Starting a New Job?

I recently saw an article entitled, “The 80-95% Rule: Why not giving your all in a new job could actually make you more successful.” A viral TikTok video argues: “You teach people how to treat you.” At the time I’m writing this article, the video has captured over 340,000 viewers. 

The author states, “If you are pulling extra hours, saying yes to everything, going above and beyond, 110% straight out the gate, that’s actually going to become your baseline normal. Instead she recommends setting out how you expect to continue by only putting in about 80% to 95% of your energy into the new job. Then you can dial up your efforts to 100% or more when you really need to. For important presentations, or if your team is in crisis mode.” 

I wholeheartedly disagree with only putting in 80-95% of your energy into the new job, although I agree with the tenet of teaching people how to treat you. I believe you can give 100% of your energy to a new job AND set boundaries to establish foundations for how you’d like people to treat you. 

Looking at Work Through a Biblical Lens

First, let’s look through a Biblical lens at work. What does Scripture tell us? 

  • Colossians 3:17 – And whatever you do, whether in word or deed, do it all in the name of the Lord Jesus, giving thanks to God the Father through Him. 
  • Colossians 3:23-24 – Whatever you do, work at it with all your heart, as working for the Lord, not for human masters, since you know that you will receive an inheritance from the Lord as a reward. It is the Lord Christ you are serving. 
  • Ephesians 2:10 – For we are God’s handiwork, created in Christ Jesus to do good works, which God prepared in advance for us to do. 
  • 2 Thessalonians 3:10-12 – For even when we were with you, we gave you this rule: ‘The one who is unwilling to work shall not eat.’ We hear that some among you are idle and disruptive. They are not busy; they are busybodies. Such people we command and urge in the Lord Jesus Christ to settle down and earn the food they eat. 

To me, Scripture is very clear we are to work hard, with the aim of pleasing God with the talents He’s given us. Additionally, not working, or not working hard, is condemned. 

Next, let’s look through a logic lens. Several responses to the video hit some great points: 

  • “When you start a new job, you are constantly under observation and this is the right time to demonstrate that you were the right person for that job.” 
  • “I got a promotion after 3 months by firing up straight away.” 
  • “I found the 110% effort put in the first 6 months built the equity to come and go as needed without anyone batting an eyelid.” 

So, if as Christ followers we know we’re supposed to work hard, and we also see the logic of how that hard work can be seen in a positive light, how can we establish sound boundaries for our work, so supervisors don’t expect more out of us than they should (what I think is the essence of the TikTok video)?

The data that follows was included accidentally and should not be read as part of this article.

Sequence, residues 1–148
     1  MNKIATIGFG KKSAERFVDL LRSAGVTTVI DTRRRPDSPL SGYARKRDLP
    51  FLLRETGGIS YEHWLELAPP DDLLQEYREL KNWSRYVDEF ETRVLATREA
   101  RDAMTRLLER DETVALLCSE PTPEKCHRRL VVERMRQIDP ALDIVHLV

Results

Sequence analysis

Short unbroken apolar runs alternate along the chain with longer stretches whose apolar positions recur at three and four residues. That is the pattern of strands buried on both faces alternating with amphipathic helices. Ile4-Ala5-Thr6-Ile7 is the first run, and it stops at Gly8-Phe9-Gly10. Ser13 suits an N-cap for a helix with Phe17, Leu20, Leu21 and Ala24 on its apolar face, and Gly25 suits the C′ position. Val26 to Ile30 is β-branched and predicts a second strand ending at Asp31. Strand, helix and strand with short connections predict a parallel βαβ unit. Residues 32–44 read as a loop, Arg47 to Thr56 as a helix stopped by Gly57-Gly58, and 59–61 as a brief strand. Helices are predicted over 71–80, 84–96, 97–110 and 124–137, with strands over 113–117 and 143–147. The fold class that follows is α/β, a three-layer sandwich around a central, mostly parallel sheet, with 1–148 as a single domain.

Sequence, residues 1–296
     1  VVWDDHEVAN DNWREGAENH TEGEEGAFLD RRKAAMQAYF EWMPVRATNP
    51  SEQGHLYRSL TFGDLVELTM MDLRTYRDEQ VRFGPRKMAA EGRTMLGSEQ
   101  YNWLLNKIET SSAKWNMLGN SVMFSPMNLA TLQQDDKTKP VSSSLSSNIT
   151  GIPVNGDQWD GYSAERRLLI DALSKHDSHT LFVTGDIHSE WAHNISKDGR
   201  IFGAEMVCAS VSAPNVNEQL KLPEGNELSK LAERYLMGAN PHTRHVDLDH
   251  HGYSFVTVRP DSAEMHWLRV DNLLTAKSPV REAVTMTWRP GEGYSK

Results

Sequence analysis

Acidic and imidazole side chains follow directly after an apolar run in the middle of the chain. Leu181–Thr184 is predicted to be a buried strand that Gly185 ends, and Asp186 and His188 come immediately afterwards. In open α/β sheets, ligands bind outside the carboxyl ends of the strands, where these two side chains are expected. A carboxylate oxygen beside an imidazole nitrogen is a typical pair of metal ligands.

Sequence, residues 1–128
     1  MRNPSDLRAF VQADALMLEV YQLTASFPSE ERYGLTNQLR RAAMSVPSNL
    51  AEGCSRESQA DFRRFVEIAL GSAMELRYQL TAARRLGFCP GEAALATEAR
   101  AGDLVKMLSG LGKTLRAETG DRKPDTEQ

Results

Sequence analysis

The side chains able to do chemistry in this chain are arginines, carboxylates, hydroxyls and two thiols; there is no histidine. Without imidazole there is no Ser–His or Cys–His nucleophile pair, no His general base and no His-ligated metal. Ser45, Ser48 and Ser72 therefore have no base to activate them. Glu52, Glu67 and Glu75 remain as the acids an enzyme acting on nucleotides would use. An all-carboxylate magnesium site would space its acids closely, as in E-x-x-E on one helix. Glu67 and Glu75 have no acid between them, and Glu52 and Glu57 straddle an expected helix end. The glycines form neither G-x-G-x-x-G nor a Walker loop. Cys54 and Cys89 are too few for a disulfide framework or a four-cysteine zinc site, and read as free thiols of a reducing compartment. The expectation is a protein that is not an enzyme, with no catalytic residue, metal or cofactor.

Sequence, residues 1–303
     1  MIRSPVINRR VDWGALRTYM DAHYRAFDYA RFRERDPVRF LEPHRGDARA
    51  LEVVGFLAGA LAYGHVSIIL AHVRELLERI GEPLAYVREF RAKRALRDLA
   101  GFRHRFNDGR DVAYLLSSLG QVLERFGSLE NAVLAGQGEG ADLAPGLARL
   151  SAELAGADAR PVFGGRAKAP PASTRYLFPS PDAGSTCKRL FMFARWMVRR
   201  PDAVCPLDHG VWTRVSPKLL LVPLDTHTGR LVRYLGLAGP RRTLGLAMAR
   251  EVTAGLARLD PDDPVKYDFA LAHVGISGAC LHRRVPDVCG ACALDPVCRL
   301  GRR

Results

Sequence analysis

Establishing Expectations

As with many supervisor / employee situations, much of establishing the expectations and outcomes in a working relationship stem from good communication.  Here are a few I’d suggest: 

1. Ensure you have gotten clear expectations from your supervisor on what deliverables are due and when. Unless dates and numbers are involved, you probably haven’t gotten enough clarity. 

2. Be clear with your supervisor about what you can or can’t do.  For example, if your job description doesn’t include overtime expectations, be sure to set boundaries on when you can be reached / when you can’t. Or if daycare pick up is necessary, be sure to communicate what you need. Please be aware that when you start communicating your needs, that may trigger your supervisor to think of some additional expectations. 🙂 

3. Recognize special circumstances may come about that call for more than 100% of your effort.  Every job I’ve seen has some capacity elasticity.  You’ll need to recognize that unforeseen circumstances may require more effort, along with the seasonality that exists with some jobs. 

4. Be smart with your work to become as effective and efficient as possible. Ideally you’ll become so proficient at your job that it will appear easy to others, and you’ll enjoy the rewards of having achieved that proficiency. 

Bottom line, I believe we should always give 100% of our efforts to our work, and build in the expectations and boundaries necessary to ensure we can best manage our capacities. Blessings! 

Dave Sparkman currently serves as the volunteer Crossroads Career board chair and local ministry leader. He is also the founder and managing director of Spark Your Culture, a corporate culture consulting firm. Prior to that he worked at UnitedHealth Group, a Fortune #5 public company, serving in the role of Chief Culture Officer. His unemployment experience came from the implosion of Arthur Andersen, where he served as the West Region Managing Partner, People.

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